According to the appeal of Revenue, the adjudicating authority is in error and failed to appreciate that the programmes that were exported to Hongkong were beamed backed to India.

Contentions of the Assessee

The assessee while admitting that the transaction of the respondent that is sought to be taxed is undoubtedly with an overseas entity and hence likely to be deemed as export in ‘colloquial’ terms, argues that privilege of escapement from tax under Rule 4 of Export of Service Rules, 2004 is predicated solely upon fulfilment of the conditions in Rule 3(2) of the said Rules. Attention was drawn to the enunciation in ‘Principles of Statutory Interpretation'[GP Singh, Thirteenth Edition p831]

‘But equitable considerations are not relevant in construing a taxing statute and, similarly logic or reason cannot be of much avail in interpreting a taxing statute. It is well settled that in the field of taxation, hardship or equity has no role to play in determining eligibility to tax and it is for the legislature to determine the same’

The assessee canvassed the view that every seeming export cannot be deemed to be one unless the words of the statute expressly accords it that status.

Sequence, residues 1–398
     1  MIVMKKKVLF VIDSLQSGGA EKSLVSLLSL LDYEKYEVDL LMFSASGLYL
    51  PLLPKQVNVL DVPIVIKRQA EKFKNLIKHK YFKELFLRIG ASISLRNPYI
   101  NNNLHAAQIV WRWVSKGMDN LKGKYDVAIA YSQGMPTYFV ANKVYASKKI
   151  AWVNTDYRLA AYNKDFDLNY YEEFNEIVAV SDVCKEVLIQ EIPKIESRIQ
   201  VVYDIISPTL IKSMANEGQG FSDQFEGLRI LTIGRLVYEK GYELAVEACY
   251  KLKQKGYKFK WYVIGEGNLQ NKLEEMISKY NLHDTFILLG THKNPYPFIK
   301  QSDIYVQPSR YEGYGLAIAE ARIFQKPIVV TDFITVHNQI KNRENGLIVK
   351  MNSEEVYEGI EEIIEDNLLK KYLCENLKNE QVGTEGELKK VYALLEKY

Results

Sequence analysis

Held by Hon’ble CESTAT

The Hon’ble CESTAT stated that this Tribunal has, in a number of decisions, examined the scope of Export of Service Rules, 2005; most, no doubt, in the context of eligibility for refund of CENVAT credit taken or tax paid on ‘input services’ utilized by exporters. These decisions have examined the condition of delivery/provision and, more particularly, the usage to which the output service has been put by the recipient of the service. The assessee cited FIL Capital Advisors (India) (P.) Ltd. v. CST [Order Nos.A/738–742/15/SMB, dated 18-3-2015], AMP Capital Advisors India (P.) Ltd. v. CST [Order Nos. A/1079-1082/15/SMB, dated 16-4-2015] and CST v. Greater Pacific Capital (P.) Ltd [Order Nos. A/834-838/14/SMB/C-IV, dated 25-4-2014]. In these cases, tax was demanded on consultancy services rendered to overseas entities because Revenue was convinced that the overseas entities have then utilized that resource for investment participation in India and, therefore, did not lie within the ambit of ‘used outside India.’ The Tribunal has disabused this notion by holding that the terms of the agreement requiring delivery of outcomes to the overseas entity and receipt of consideration from the overseas entity was sufficient to conclude that the services had been delivered outside India.